I’m here to argue that it does actually have balance, of two types, but it’s a “balance” that’s wholly congruent with the alleged quote above.
Human Balance in Games
The first is human balance, a phrase of my own making (though I’m far from the first to talk about this type of balancing). Cosmic is a game that considers the players themselves to be a large variable in the equation of the game’s balance. It gives them the negotiation tools to be able to course-correct when, say, one player’s special ability is turning out to be a massive advantage in this session.
In some games, I’m impotent to do anything about my opponent’s success; I simply have to out-succeed them in my own strategies. Plenty of games follow this model. Both are valid design models, but must be approached differently.
Cosmic doesn’t need to have even approximate mathematical balance because of this fact. But I think it has great human balance, or it wouldn’t still be so popular.
The other type of balance is related, and I have a story that ties into it.
Varying Sources of Imbalance
I’m an amateur game designer, and have made a couple complete games that I play with friends. One owes its existence to several inspirations, and one of the inspirations is Cosmic Encounter. As I tweaked the rules, I knew I had a game with the “human balance” I mentioned earlier. So not all options had to be perfectly equal.
However, initially a few powers or abilities in the game were significantly more powerful than the others, and perhaps more importantly, they were more powerful consistently. As I adjusted them to be more appropriate relative to other actions or abilities in the game, I landed on a mantra for balancing them. It goes like this:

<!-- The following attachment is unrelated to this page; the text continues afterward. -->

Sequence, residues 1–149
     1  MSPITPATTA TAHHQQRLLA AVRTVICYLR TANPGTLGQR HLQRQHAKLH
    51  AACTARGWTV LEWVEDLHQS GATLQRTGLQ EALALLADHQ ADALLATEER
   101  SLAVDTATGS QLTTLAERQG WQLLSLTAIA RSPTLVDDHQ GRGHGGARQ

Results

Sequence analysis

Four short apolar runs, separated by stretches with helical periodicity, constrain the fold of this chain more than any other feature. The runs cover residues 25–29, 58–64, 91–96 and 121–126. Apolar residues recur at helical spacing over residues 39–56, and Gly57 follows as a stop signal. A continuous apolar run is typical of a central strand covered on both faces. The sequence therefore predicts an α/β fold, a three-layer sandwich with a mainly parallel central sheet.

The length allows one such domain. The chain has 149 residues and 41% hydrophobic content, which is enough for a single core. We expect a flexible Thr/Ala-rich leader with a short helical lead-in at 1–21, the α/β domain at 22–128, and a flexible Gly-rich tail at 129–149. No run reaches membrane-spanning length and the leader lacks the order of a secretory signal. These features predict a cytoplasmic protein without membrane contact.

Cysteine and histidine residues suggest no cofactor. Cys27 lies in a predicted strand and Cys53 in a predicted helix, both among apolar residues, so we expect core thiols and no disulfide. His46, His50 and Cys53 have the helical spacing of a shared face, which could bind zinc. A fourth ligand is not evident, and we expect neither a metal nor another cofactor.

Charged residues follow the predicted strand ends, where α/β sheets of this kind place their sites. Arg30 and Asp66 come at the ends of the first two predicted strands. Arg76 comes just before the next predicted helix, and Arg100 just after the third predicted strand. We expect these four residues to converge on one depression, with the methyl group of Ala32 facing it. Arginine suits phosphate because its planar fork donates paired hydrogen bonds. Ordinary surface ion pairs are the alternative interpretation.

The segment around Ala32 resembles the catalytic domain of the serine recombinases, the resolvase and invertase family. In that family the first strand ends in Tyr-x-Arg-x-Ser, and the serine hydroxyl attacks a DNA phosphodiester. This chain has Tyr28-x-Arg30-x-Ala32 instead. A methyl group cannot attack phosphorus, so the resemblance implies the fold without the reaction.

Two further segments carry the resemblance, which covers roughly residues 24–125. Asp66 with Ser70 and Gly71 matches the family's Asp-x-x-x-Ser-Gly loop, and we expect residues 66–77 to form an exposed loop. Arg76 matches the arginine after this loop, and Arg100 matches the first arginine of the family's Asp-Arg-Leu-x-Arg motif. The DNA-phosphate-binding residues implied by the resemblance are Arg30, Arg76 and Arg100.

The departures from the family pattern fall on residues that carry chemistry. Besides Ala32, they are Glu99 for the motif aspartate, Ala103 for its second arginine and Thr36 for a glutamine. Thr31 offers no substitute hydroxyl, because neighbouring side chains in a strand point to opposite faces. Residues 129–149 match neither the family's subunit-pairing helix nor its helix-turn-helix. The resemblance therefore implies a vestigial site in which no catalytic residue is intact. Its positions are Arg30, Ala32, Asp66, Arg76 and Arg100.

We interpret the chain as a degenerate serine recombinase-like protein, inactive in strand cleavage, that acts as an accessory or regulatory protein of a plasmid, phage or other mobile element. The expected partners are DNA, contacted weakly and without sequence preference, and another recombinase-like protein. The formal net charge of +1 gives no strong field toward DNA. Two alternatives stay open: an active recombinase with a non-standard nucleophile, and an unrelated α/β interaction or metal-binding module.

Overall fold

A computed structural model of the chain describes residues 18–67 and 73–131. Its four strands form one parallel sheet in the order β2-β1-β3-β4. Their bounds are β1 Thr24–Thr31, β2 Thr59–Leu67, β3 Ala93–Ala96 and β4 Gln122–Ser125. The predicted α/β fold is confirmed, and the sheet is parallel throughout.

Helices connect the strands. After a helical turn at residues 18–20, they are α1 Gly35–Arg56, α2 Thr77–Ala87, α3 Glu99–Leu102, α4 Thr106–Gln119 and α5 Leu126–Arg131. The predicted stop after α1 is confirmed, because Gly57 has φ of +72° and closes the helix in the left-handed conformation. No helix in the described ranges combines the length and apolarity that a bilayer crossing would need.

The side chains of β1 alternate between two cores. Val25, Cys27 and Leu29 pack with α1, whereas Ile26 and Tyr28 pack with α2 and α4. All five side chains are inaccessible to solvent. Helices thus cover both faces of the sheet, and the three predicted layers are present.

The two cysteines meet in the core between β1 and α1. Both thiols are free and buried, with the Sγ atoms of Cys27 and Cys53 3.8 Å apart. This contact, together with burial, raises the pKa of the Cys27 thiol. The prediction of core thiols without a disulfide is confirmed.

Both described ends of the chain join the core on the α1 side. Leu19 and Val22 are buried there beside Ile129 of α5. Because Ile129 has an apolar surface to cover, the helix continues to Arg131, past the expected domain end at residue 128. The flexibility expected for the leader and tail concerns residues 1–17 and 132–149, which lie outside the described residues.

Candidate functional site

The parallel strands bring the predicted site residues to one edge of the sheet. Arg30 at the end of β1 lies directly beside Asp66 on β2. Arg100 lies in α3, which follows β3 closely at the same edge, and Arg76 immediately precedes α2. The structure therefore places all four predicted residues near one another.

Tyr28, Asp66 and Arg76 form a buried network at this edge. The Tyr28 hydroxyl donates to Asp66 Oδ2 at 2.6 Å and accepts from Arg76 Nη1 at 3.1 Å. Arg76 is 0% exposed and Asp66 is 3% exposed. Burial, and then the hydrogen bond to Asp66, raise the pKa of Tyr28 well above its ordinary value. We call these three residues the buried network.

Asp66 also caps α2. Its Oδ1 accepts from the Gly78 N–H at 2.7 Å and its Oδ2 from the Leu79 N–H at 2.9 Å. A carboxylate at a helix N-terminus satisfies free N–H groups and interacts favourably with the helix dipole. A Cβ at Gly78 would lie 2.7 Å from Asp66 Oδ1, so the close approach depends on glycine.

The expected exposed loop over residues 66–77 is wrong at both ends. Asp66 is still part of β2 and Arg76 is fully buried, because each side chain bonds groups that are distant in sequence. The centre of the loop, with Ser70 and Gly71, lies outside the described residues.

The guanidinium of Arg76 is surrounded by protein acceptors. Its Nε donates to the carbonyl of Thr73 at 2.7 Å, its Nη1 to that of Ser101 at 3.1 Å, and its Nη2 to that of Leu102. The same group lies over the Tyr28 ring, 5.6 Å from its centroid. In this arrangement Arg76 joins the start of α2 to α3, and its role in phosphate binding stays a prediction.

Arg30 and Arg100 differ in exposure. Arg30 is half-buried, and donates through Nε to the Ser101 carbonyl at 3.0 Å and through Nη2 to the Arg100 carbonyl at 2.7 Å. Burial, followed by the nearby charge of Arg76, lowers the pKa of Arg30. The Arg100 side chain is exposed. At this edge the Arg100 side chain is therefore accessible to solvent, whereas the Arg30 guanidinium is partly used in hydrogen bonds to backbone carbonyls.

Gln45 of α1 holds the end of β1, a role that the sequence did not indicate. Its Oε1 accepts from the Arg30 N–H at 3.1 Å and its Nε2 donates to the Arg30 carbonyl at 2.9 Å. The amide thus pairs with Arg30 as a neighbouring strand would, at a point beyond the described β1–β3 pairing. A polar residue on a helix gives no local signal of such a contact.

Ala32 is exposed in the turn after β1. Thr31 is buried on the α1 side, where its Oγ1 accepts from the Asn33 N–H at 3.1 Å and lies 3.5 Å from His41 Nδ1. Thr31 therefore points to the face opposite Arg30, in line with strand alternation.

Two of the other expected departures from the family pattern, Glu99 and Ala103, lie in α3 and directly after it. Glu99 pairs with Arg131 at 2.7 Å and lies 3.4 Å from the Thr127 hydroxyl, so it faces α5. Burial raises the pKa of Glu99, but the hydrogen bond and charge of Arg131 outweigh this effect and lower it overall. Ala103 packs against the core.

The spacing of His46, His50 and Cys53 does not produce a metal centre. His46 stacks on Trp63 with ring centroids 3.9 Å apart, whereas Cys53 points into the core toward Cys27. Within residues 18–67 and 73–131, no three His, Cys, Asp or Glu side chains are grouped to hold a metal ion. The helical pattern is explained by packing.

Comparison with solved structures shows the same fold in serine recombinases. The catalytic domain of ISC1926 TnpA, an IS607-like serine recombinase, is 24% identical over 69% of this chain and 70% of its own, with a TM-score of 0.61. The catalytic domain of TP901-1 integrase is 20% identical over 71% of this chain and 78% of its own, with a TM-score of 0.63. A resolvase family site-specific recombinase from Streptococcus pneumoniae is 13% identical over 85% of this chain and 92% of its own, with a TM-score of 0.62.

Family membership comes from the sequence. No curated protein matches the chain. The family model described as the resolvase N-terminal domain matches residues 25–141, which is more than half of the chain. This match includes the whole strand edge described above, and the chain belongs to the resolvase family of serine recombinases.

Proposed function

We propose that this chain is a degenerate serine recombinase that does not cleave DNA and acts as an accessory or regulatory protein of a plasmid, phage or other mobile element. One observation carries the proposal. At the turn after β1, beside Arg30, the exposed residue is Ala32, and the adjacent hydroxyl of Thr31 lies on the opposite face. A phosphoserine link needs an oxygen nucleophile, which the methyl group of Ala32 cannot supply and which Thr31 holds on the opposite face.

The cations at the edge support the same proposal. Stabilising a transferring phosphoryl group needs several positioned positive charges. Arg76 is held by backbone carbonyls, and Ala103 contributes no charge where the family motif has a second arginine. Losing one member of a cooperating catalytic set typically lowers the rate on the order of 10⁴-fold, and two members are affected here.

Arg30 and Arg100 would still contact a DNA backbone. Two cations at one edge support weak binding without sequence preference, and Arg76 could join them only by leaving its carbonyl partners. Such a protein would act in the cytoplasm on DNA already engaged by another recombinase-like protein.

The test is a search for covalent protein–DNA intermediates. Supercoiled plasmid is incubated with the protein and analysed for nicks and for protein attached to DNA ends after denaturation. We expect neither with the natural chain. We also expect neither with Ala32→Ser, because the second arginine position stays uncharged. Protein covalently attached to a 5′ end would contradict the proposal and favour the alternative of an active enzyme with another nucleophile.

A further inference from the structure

There can (and should) be imbalances in options, but the source of the imbalance should not always be the same between games.
I mentioned earlier that in some games of Cosmic, your species ability is worthless. Other times, it’s the most powerful force in the game. That’s usually because these powers are powerful but situational, so there’s no guarantee they’ll trigger in useful ways in each game. Anyone who’s played the game enough will have their pet powers that they prefer or find uses for more often, but is any ability even close to a guaranteed win? Will any ability be really, really useful in every game? There are enough expansions and races that there may be a couple exceptions to this, but by and large, the answer is “No.”
So, the imbalances are always there, but the source of the imbalance in sessions varies. Just as it should be. And in that variance, I see balance.
Inis is another game I adore, and its Epic Tale Cards are similarly game-breaking but situational special abilities. They feel much like Cosmic’s races. And it works, because there isn’t a “best” card, but rather many best ones at different moments. And in both Inis and Cosmic, you can subtly push the game in a direction that will create the right moments for your ability to shine, so it adds a layer of strategy, even amongst the seeming chaos.